I have dozens of stories to share with you. I’ve been bottling them up, nearly exploding with the need to express what has been going on. But it’s so hard to put these things into words. 

Here's a little background: I signed the decree on Thursday night, with precious friends covering me with prayer and love and grace (... and bubble wrap dancing, but that's another story!). Then Friday I went on a trip with girlfriends from the neighborhood. So by God's grace, my first full day of being divorced I didn’t spend alone. I was with my closest girlfriends. And the next night I spent with my best, best girlfriend—my heart friend. It was a fun, healing, grace-filled weekend.

There are lots of stories about the girls' trip, of course, that I’m skipping over. It was, to say the least, a very memorable adventure, filled with lots of "firsts" and lots of fun. :)

But here's the story I want to tell you now:

On Sunday, my girlfriend took me to her church in Austin. (Random info: My girlfriend and I both grew up Southern Baptist. We met in a Bible church at Texas A&M. After college, I veered nondenominational and she became Presbyterian. Then I married a Baptist pastor, and she dated an Episcopal priest. Weird how life works out, huh?)

Anyway, the church she now attends is Anglican. It’s VERY far from my Southern Baptist roots. But I really wanted to go. My aching heart longed for the liturgy and reverence and community of the greater body of Christ.

I’ll skip over the details of the service for the sake of time. Which brings me to the heart of this blog—what I really want you to experience with me:


(Before you keep reading, note that I'm not going to debate theological views of Communion. Please, let's just all agree to meet at the table as the body of Christ and see beyond our differing views to the God of the sacrament.)

At the end of the service in an Anglican church, you receive the Eucharist.

Let me say it again so my Baptist and nondenominational friends notice the slight distinction. 

You RECEIVE the Eucharist. (Or Communion. Or Lord's Supper. Whatever you want to call it.)

You don’t pass the plate down the pew--or folding chairs--and take a cracker or filled plastic cup and put it in your own mouth. You don't "take" Communion. Nope. You walk up front, stand alongside the other believers, and hold your cupped hands in front of you. Extended and open, much like a beggar. Humbled. And ready to receive the elements.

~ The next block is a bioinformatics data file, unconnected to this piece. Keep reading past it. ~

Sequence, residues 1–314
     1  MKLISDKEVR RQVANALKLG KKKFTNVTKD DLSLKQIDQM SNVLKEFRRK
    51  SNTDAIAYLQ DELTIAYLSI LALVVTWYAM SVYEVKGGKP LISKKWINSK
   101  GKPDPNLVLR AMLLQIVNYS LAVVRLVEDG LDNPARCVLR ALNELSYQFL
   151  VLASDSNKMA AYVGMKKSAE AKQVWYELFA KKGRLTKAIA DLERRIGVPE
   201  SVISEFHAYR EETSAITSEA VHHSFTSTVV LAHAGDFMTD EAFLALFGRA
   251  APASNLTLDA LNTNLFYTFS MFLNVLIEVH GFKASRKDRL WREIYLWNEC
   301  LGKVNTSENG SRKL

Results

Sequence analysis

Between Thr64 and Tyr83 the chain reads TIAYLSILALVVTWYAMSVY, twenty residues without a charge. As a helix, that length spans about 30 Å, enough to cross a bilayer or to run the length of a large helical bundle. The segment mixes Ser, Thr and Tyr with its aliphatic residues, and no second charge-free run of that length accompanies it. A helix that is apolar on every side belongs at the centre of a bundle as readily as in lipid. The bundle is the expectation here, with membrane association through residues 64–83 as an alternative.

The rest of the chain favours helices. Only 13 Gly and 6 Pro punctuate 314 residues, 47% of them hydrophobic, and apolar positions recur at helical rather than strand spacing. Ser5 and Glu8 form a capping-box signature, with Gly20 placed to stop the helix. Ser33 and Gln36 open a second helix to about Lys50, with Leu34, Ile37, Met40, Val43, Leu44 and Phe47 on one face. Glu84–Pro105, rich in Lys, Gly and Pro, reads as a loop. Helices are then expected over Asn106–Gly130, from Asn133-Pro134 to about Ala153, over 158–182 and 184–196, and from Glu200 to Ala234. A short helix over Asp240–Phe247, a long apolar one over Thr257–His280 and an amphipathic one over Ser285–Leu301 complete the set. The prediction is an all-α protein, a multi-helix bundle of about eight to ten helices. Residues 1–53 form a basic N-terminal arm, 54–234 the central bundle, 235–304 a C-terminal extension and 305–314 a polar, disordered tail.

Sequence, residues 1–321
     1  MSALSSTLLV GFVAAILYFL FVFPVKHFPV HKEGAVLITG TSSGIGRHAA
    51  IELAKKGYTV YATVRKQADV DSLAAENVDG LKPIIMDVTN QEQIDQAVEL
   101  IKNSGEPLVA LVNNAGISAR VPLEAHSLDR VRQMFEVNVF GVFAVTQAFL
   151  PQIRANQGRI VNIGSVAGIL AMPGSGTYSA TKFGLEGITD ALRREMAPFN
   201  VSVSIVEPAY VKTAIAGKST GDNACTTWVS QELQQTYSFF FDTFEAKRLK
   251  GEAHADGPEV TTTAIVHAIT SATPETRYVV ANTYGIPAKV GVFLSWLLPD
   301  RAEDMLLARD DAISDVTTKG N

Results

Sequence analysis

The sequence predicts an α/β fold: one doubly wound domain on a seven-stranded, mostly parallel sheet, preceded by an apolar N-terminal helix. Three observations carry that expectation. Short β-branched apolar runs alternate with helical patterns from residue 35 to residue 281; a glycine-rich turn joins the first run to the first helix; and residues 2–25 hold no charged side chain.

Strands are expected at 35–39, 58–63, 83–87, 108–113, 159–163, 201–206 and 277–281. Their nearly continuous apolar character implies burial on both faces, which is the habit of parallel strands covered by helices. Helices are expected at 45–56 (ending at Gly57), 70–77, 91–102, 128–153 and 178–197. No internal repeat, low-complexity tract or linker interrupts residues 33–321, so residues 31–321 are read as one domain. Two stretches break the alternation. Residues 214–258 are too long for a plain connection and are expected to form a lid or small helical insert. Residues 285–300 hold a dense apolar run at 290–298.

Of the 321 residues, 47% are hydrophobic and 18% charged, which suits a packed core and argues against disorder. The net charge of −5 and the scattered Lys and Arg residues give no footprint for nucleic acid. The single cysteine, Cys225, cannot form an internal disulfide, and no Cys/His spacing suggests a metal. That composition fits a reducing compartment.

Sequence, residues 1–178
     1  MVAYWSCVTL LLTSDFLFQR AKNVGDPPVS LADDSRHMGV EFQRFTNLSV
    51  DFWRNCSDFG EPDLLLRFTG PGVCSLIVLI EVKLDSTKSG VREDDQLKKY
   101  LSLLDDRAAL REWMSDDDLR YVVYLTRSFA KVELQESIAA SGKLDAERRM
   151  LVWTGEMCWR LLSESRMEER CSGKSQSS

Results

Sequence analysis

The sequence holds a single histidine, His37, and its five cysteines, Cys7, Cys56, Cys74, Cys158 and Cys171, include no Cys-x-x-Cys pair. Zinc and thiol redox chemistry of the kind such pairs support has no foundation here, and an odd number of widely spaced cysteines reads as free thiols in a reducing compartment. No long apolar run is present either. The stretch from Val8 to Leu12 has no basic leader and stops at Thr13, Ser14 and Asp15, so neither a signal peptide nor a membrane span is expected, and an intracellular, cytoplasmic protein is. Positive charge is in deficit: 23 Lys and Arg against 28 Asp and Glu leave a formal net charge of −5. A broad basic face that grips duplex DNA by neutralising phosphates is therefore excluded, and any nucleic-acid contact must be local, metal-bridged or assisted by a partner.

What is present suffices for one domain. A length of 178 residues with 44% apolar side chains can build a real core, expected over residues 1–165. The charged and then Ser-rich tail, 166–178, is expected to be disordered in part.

Then the priest walks by and looks at you gently and directly. “This is the body of Christ, broken for you,” he says, placing a piece of bread in your outstretched hands. And you receive the body of Christ in a very personal way. Then he presents to you the chalice. Again, he looks at you and says, “This is the blood of Christ, spilled for you.” And he brings the cup to your mouth (you don’t even touch it), and you receive the blood of Christ.

You RECEIVE it. 

Just like you did when Christ gave His life for you. You receive the sacrament the same way you received your salvation. Not of any work of your own, but simply by extending your empty hands like a beggar, cupped and open and ready to be filled by Him.

I’m not going to wax eloquent about all the implications of covenant here, so I will say only this: a covenant is often celebrated with a meal. That’s why a bride and groom entwine their arms to share wedding cake to celebrate their covenant of marriage.

So in God’s magnificent grace, the first Sunday I came to worship with a heart deeply grieving that broken marriage covenant, God reminded me of His own, unbreakable covenant with me. 

And I received the covenant meal.

That Sunday, receiving Communion was a significant reminder that I belong to Him. That He is my forever husband. 

It was a watershed moment for me. One of those significant times you memorialize as a divine encounter with God. Like the old hymn says, it was my Ebenezer--"rock of help." (see 1 Sam. 7:12.)

It marked a new beginning for me. 

Lots of stories have surprise endings—but mine has a surprise beginning. And my new beginning started with a covenant meal with my heavenly Husband.

I don't know how my story will end, of course. Only God knows all the days of my life that were written in His book before yet one of them existed. But I know this: something brand-new started this week. And I am confident that the God who started a good work in me will carry it on to completion until the day of Christ Jesus.

So day by day, I will look to Him and watch the Author of my life reveal the rest of the story.

"That was just the beginning. I have a lot more to tell you, things you never knew existed. This isn't a variation on the same old thing. This is new, brand-new, something you'd never guess or dream up." (Isa. 48:6)